Forest owners and the public agree on the forest’s economic value

While the general public rates the forest’s ecological and social values the highest, the public and forest owners nonetheless highly agree on the significance of the forest’s economic value.

All forms of land use generate tensions between economic development and ecological as well as social values. Because of this, debate often arises regarding how forest where different interest groups must co-exist, should be managed or used. However, there is one point on which the public and the forest owners agree: the importance of the forest’s production value. When it comes to timber and biofuel production, the general public and forest owners valued these aspects similarly. “It was unexpected that the two groups would have such a similar view on the forest’s economic value, despite their different personal interests in forest,” says Katarina Haugen.

This means that it might be possible to use production as a common platform from which a discussion on the issue of land use can be driven further, for instance to find solutions to conflicts over ecological values.


Changes in attitudes about the forest’s value

Previous research shows that attitudes regarding the forest’s value have shifted over the years, from stressing economy and production to stressing ecological and social values. It is mostly women, those with a higher education, those living in cities, and the young who hold the ecological values in the highest regard; these actors often live some distance from the forest. In comparison to the general public, the forest owner usually tends to be an older man, born in Sweden, with a lower degree of education and a high income. When he has moved, he has done so within the countryside, and he has personal connections to forest and the countryside.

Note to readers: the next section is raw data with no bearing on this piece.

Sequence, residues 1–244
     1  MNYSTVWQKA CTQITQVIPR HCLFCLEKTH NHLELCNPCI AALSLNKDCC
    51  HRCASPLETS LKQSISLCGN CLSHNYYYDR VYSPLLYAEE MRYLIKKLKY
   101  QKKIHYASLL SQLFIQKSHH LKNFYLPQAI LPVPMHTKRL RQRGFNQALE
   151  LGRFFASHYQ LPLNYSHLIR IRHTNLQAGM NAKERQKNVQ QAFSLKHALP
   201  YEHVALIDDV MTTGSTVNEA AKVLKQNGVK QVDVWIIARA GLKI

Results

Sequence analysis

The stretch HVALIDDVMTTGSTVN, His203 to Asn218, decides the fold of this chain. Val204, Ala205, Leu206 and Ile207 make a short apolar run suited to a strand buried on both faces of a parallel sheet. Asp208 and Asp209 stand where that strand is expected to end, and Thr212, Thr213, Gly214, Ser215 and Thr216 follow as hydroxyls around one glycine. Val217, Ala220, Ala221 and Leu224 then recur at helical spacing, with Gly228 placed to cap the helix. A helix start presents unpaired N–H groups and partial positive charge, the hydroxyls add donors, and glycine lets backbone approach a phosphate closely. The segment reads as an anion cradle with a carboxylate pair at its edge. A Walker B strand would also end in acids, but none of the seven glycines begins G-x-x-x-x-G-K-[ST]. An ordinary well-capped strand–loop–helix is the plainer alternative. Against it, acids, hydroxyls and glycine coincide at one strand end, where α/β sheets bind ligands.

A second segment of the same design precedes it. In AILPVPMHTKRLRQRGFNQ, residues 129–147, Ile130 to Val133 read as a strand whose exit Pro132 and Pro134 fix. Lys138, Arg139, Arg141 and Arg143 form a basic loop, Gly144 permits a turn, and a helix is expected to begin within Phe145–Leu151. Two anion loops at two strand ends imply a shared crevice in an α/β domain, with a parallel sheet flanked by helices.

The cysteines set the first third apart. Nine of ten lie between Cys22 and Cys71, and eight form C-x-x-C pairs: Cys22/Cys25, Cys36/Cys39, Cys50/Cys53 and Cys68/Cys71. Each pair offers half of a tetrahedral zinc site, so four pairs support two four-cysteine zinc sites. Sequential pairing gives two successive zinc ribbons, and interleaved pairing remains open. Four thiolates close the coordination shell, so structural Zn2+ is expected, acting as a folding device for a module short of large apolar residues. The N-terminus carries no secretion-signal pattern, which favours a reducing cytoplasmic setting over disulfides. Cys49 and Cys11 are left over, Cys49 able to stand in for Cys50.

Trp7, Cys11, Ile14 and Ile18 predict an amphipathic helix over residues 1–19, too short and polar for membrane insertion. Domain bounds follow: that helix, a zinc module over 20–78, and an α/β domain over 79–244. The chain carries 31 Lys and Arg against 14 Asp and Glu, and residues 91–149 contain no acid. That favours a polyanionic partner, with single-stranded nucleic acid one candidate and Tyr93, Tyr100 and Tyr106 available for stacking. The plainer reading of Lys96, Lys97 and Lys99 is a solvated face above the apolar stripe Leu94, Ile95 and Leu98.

Emotional ties important

This study, on the other hand, indicates that what forms the foundation of people values has less to do with, for instance, how old you are or where you live than whether you have some form of relationship with the forest. Having visited the forest as a child, or spending your free time there, is more important than age or residence for your views on its ecological and social values. It is perhaps less important how often you’re in the forest; the main thing is that you’ve been there. One’s values can also be affected by one’s social surroundings – those who had people close by who worked with the forest tended to place greater importance on its economic values. At the same time, it is not necessarily significant whether a person is a forest owner him/herself, as forest owners and non-owners rated the forest’s economic values similarly. It was only the ecological and social values that were held higher by the public than by forest owners.


The study looked more closely at two specific interest groups – private forest owners and the general public – and their different views on how the forest should be used, as well as seeking to determine where these values may originate.

The method used was questionnaires sent by post, in which respondents were to rate how important they viewed certain values within production to be, as well as ecological and social values.

The article was written, and the study conducted, within the FORMAS “Starka forskningsmiljöer” project PLURAL, Planering för en dynamisk stads-landsbygdsrelation: att leva och verka på flera platser (Planning for rural-urban dynamics: living and acting at several places). The study was conducted using a questionnaire in which 1,169 forest owners described their forest management strategies.

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